Greater Scaup

The mouth of the Milwaukee River on the Milwaukee Lakefront was pretty iced up along with the harbor. The little water that was open held a few Greater Scaups with nice views. They did some diving for mussels while I was there. Some of the other species present that day were 3 Red-throated Loons, White-winged Scoters, Common Goldeneyes and Red-breasted Mergansers. Mostly a sun day but very cold. Photographs taken on February 23, 2014.

Greater Scaup - Male - Milwaukee River Mouth / Lake Michigan Lakefront, February 2, 2014

Greater Scaup – Male – Milwaukee River Mouth / Lake Michigan Lakefront

Greater Scaup

Binomial name: Aythya marila

Category: Duck, Geese, and Swans

Size: 18” long, 28” wing span

Weight: 2.3 lb.

Habitat:  Typically found along the seacoasts on large lakes, ponds and sometimes bays. Breeding in the summer months in Alaska, northern Canada, Siberia and far northern areas of Europe on the tundra and in the boreal forest regions. This ducks spends its winter months mainly along Pacific, Gulf, and Atlantic coasts, and also in Eurasia.

Diet: Dive for aquatic plants and parts such as seeds, leaves, stems, tubers and roots. Some of these plants are muskgrass, wild celery, pondweeds and sedges. Their diet also includes aquatic insects, clams, snails, mussels, and other crustaceans.

Nesting:  A nest is nothing more than a bowl shaped scrape in the ground typically lined with down and grasses. It is placed in taller grass areas not prone to flooding. An average of 9 olive-brown or pale greenish colored eggs are laid, and the female uses distracting displays to keep away artic foxes, ravens, red-tailed hawks, raccoons, owls and various gull species. Young leave the nest after incubation of 24-28 days as soon as they are dry after hatching. At that time female takes them to food immediately as they can swim and they feed themselves.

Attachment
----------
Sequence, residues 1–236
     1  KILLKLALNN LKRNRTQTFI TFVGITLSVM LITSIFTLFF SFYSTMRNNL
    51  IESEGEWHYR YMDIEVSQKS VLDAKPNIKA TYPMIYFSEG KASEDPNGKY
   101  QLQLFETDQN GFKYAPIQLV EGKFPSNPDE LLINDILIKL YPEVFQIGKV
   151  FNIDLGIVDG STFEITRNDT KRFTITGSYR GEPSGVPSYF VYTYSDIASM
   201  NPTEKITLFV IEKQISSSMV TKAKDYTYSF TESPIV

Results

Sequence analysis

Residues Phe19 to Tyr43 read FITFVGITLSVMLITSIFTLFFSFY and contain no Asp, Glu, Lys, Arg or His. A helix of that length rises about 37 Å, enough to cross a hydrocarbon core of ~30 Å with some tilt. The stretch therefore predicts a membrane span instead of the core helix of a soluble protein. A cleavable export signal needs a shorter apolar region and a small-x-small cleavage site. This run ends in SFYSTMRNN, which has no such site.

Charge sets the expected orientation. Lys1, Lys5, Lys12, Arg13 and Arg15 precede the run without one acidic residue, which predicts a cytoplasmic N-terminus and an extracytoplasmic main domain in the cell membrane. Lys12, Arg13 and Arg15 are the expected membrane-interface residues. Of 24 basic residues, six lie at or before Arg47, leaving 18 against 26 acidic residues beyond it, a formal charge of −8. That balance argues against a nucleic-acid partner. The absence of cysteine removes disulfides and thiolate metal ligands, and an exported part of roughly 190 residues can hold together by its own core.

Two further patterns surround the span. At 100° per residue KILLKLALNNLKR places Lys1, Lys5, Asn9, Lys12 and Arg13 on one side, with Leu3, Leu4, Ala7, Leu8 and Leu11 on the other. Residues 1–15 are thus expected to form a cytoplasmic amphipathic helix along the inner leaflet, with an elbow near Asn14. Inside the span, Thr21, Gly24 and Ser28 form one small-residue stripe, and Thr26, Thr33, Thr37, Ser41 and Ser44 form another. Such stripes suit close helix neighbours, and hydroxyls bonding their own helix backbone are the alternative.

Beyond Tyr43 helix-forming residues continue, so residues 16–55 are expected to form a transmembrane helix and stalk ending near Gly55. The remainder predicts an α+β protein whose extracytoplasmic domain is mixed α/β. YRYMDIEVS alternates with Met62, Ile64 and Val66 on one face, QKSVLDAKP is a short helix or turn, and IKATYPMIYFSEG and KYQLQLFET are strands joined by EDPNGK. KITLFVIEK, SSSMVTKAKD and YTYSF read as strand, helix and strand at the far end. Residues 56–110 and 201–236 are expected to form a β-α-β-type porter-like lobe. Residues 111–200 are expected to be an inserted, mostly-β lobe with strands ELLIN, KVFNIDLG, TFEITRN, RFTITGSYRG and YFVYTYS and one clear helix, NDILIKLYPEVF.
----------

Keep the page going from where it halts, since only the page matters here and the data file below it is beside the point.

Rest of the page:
Cool Facts: Similar to the Lesser Scaup, accurate counts of this bird are not possible and both species are counted and then numbers adjusted.  Dives for its food, but eats it on the surface. To identify the Greater from the Lesser Scaups, sometimes field guides are needed as they are so similar. The black nail on the end of the bill is one of the easiest tips for ID of the Lesser as it is very narrow. On the Greater the black nail on the tip of the bill is wider. Recently a friend of mine observed a Snowy Owl capturing, killing and eating a Scaup species on Lake Michigan.

Greater Scaup - Female - Milwaukee River Mouth / Lake Michigan Lakefront

Greater Scaup – Female – Milwaukee River Mouth / Lake Michigan Lakefront

Greater Scaup - Male  -  Milwaukee River Mouth / Lake Michigan Lakefront

Greater Scaup – Male – Milwaukee River Mouth / Lake Michigan Lakefront

Greater Scaup - Female walking on ice - Milwaukee River Mouth / Lake Michigan Lakefront

Greater Scaup – Female walking on ice – Milwaukee River Mouth / Lake Michigan Lakefront

Greater Scaup - Female walking on ice - Milwaukee River Mouth / Lake Michigan Lakefront

Greater Scaup – Female walking on ice – Milwaukee River Mouth / Lake Michigan Lakefront

Greater Scaup - Female  -  Milwaukee River Mouth / Lake Michigan Lakefront

Greater Scaup – Female – Milwaukee River Mouth / Lake Michigan Lakefront

Greater Scaup - Male  -  Milwaukee River Mouth / Lake Michigan Lakefront

Greater Scaup – Male – Milwaukee River Mouth / Lake Michigan Lakefront

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Window to Wildlife features the photography of Jim Edlhuber. A lifelong native of Wisconsin, Jim has been photographing wildlife for 20 years. He considers himself an avid photographer and is always trying to capture nature and wildlife through his lens. He is in several photography clubs and has won numerous awards for his work. In recent years, Jim has focused mostly on birding photography and finds it to be the most challenging.

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